LONDON - Prime Minister Stephen Harper is voicing support for a united United Kingdom, coming down squarely in the camp of those opposed to Scotland’s separatist ambitions to be decided in a referendum just weeks away.
Speaking to a business audience here Wednesday, Harper tackled the divisive debate unfolding in the British Isles as Scots vote Sept. 18 whether to cut ties to London.
He first made clear that the decision ultimately rests with the Scots, adding “that decision has to be respected and it has to be taken seriously.
“It’s momentous and should be treated as such by all sides,” Harper said.
The prime minister reached back to Canada’s own separation debate to comment on the decision, noting discussions over Quebec’s future for many years produced no clear winner and a “society that was very divided.”
He said Quebecers ultimately questioned whether the debate’s resolution would have any impact on the “things that actually matter in my life.”
“What would the division of a country like Canada or the division of a country like the United Kingdom advance solutions to any of those issues,” Harper said.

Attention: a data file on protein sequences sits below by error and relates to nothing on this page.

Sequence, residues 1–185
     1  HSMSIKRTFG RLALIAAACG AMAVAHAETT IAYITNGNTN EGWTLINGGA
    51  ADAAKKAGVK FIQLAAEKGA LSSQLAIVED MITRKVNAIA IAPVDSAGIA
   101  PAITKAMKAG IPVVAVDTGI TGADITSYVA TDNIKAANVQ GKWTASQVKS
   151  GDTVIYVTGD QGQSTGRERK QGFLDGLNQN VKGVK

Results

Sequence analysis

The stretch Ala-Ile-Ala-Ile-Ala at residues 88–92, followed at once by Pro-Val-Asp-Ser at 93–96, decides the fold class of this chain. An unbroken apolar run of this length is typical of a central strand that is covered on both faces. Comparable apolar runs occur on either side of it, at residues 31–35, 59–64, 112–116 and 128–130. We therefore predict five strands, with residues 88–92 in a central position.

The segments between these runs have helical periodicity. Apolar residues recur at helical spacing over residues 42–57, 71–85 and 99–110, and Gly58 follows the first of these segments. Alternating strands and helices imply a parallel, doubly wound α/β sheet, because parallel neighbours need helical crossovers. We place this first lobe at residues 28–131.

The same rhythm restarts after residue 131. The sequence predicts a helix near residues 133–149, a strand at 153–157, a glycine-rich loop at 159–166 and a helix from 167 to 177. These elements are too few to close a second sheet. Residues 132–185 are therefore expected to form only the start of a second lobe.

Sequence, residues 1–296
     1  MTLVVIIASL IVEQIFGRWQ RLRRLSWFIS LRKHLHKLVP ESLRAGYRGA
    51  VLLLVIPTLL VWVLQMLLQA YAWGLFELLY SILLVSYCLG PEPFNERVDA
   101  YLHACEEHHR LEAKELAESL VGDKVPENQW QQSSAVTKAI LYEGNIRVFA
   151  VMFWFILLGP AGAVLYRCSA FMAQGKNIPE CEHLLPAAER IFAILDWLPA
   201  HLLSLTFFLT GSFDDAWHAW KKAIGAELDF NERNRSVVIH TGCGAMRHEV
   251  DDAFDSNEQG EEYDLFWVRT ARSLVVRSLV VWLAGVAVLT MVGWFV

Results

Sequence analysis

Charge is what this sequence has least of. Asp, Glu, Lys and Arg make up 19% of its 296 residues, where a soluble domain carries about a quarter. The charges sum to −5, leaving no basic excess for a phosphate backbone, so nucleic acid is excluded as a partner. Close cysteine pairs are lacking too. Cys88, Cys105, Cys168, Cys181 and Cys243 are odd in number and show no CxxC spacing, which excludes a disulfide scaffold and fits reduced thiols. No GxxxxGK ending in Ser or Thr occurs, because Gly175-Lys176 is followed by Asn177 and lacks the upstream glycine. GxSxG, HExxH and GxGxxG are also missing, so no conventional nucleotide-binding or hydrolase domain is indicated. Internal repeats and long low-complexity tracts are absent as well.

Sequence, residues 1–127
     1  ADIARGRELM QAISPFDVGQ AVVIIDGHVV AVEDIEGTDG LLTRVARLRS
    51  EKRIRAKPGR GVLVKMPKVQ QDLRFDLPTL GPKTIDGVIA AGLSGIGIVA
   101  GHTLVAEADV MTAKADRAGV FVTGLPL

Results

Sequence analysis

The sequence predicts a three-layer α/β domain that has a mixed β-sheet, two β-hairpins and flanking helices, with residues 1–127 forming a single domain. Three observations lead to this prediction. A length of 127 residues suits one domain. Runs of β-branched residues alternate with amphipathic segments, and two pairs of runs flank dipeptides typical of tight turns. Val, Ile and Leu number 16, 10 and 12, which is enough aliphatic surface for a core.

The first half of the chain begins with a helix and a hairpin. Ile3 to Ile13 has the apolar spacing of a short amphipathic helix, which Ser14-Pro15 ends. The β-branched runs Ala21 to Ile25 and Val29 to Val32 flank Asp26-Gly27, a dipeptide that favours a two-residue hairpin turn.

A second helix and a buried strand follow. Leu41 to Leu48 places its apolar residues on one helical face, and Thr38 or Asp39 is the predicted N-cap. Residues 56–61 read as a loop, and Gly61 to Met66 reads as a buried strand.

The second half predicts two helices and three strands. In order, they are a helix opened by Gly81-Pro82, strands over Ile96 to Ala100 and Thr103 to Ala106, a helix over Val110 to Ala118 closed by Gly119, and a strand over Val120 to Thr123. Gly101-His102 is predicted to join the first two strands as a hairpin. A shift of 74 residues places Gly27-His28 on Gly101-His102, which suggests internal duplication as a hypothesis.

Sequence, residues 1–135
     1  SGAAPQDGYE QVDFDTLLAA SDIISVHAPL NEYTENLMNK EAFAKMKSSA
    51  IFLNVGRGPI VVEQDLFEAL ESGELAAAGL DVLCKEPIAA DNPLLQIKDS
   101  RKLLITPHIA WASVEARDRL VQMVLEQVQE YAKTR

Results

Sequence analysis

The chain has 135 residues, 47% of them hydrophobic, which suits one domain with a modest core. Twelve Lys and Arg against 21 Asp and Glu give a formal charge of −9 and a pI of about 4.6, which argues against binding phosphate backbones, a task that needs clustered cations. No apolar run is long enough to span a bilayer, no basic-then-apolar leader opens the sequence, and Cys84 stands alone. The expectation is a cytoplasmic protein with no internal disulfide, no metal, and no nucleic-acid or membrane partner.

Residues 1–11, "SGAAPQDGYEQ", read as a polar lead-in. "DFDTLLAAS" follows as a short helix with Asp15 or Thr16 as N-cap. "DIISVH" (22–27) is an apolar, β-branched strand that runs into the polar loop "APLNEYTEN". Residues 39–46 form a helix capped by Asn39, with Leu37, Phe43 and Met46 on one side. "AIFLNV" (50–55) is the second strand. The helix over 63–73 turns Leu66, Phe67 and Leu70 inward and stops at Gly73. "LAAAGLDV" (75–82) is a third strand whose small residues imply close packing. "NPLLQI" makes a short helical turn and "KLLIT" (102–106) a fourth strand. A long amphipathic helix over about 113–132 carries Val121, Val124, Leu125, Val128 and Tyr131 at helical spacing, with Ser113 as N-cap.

“We think, from a Canadian perspective, that a strong and united United Kingdom is an overwhelmingly positive force in the world.
“There’s nothing in dividing those countries that would serve either greater global interests or frankly the interests of ordinary people in these countries.”
Harper said separatism debates are “not normal politics.”
“Fortunately in Canada we don’t have to talk about it much recently,” he said, noting the stunning defeat of the separatist Parti Québécois in the spring provincial election.
“I don’t want to say the issue is resolved. One can never say that but certainly the trajectory is very good,” he said.
Harper said much of the ongoing debate over Scotland’s separation is lost on Canadians who see the Scots and English so “completely integrated” in Canada.
“The idea of separating English people from Scottish people in Canada is almost inconceivable. So we have trouble relating to it on that level,” Harper said.
But the prime minister said Canadians can relate to the Scottish debate and referendum vote because of the long-standing debate in Canada over Quebec’s future.